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As the COVID-19 pandemic abruptly changed workplaces, workers’ skills have changed as well.

Job skills were evolving before the pandemic, but it has prompted more change in a much quicker manner. In fact, the number of skills required for a single job is increasing by 10% per year, according to Gartner data. In response, organizations should embrace a dynamic approach to reskilling talent in order to shift vital employee skills and help develop skills as they become relevant and necessary.

The COVID-19 pandemic has proven just how convenient telehealth services can be.

According to a survey from FAIR Health, there was a 4,347% increase nationally in telehealth utilization from March 2019 to March 2020. In addition, many providers and hospitals are encouraging patients to utilize telehealth services instead of coming to the office or hospital for non-life-threatening care.

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The Affordable Care Act (ACA) imposes a fee on health insurance issuers and self-insured plan sponsors in order to fund comparative effectiveness research.

These fees are widely known as Patient-Centered Outcomes Research Institute (PCORI) fees, and were originally scheduled to expire for plan or policy years ending on or after Oct. 1, 2019. However, a federal spending bill enacted at the end of 2019 extended the PCORI fees for an additional 10 years.

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Employees again this year contributed about 32% of the premiums while employers covered approximately 68%, quelling fears that we were moving rapidly away from the typical 70/30 employer/employee split.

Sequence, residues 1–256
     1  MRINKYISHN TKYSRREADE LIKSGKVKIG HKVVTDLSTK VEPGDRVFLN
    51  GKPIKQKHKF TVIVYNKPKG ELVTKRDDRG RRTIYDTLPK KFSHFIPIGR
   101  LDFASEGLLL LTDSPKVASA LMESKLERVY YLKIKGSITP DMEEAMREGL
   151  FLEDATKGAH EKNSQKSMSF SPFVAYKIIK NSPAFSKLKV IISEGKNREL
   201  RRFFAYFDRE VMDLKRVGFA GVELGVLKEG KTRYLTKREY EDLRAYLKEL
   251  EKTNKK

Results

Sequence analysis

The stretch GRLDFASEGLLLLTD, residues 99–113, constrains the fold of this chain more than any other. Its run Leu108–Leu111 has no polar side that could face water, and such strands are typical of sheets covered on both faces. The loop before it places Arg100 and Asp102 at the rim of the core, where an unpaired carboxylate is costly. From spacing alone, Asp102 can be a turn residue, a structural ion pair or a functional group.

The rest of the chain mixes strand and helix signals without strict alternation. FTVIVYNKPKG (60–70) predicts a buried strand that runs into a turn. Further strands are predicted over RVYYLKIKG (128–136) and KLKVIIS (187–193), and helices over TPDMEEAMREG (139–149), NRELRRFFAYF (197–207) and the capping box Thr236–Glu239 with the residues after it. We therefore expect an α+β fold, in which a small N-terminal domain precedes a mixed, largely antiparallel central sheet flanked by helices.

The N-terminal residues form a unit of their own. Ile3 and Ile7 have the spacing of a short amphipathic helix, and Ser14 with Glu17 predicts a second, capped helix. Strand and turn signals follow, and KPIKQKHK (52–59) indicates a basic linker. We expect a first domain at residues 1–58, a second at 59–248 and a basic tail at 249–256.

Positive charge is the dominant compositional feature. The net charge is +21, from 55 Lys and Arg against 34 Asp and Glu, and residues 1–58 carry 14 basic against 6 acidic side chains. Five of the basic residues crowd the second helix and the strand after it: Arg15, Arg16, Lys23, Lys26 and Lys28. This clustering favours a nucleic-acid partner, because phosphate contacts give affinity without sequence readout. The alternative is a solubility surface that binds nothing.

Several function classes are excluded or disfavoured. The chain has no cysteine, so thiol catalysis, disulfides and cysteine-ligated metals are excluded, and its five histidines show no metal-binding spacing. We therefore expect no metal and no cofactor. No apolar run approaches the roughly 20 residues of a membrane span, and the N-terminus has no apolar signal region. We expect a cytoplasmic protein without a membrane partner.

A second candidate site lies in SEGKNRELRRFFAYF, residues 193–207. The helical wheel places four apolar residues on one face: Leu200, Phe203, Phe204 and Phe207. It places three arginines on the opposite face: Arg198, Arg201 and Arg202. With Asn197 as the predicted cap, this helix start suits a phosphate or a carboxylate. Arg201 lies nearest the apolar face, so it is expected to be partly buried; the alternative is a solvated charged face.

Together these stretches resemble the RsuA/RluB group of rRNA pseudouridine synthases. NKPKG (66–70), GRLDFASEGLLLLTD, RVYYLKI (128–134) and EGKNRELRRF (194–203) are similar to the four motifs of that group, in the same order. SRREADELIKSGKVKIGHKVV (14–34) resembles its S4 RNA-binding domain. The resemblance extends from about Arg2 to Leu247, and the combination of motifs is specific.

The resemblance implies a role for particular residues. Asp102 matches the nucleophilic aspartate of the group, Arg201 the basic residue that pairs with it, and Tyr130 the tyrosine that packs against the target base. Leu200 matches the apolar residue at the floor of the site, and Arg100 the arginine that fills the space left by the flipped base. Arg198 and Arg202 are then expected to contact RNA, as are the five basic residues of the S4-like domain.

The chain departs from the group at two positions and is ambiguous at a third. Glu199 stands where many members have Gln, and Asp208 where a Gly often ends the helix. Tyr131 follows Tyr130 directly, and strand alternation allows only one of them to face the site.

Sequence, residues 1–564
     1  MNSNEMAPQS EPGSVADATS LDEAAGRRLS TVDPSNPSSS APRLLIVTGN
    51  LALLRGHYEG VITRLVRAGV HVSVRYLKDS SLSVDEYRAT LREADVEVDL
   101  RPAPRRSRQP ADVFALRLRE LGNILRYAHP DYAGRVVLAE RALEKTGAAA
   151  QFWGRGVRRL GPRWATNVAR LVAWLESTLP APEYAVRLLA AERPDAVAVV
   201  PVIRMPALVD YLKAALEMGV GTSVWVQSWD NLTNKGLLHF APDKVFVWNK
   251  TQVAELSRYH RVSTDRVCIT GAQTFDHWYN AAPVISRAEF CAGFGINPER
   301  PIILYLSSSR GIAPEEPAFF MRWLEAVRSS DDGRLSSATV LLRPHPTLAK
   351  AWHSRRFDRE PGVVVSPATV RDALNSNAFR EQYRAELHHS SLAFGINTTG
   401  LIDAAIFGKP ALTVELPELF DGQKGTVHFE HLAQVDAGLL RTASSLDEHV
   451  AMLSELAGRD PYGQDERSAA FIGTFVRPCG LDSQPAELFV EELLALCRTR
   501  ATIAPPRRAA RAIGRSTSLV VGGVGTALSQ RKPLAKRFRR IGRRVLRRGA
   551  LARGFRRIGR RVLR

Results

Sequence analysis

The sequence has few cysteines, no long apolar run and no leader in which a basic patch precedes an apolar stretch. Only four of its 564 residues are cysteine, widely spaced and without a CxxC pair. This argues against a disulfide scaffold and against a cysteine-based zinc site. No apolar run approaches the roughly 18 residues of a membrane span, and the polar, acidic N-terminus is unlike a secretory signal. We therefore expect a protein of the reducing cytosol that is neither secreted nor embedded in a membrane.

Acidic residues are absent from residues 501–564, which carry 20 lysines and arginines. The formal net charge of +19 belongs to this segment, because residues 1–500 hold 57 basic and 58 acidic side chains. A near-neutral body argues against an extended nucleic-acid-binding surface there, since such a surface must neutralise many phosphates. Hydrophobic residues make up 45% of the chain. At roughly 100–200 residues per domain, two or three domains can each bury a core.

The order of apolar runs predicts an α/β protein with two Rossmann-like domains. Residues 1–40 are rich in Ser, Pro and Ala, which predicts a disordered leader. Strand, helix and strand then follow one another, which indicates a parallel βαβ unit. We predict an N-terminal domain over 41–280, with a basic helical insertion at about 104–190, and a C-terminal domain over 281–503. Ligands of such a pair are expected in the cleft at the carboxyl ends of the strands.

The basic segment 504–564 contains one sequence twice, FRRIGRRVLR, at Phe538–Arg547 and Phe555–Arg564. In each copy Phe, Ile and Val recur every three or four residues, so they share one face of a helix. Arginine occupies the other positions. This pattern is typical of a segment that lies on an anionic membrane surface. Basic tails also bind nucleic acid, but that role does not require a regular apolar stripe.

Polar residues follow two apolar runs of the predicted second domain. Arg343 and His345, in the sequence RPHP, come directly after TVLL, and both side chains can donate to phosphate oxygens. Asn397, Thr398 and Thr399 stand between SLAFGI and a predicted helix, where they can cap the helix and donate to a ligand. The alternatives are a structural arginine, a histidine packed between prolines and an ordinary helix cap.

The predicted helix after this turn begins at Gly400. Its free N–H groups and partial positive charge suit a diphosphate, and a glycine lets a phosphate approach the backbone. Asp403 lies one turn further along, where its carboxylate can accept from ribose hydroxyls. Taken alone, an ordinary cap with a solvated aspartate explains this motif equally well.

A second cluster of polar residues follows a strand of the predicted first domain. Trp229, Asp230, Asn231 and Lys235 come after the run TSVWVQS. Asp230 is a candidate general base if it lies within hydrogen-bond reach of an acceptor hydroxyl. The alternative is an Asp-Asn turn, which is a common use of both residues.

As the Coronovirus pandemic sweeps the nation in 2020, a crucial pillar supporting the U.S. workforce is employer-sponsored healthcare. While we wait to see how postponed preventive care and delayed elective surgeries will affect the health of the nation's workforce, and how the total costs of COVID-19 testing, treatment, and vaccinations will be financed, we are already leveraging our local knowledge, as well as the data from this survey to recommend renewal strategies for 2021.

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Employers that are using fall protection equipment (e.g., personal fall arrest systems, connection components or anchors) should understand the manufacturers’ warranty requirements and instructions.

Following these warranty requirements is often necessary if the business would like the manufacturer to cover the product when it is damaged or if there is a functional issue. Examples of functional issues are when the fall protection fails to protect the employee when they fall or if a component of the fall protection (e.g. webbing, harness straps or buckles) needs repair.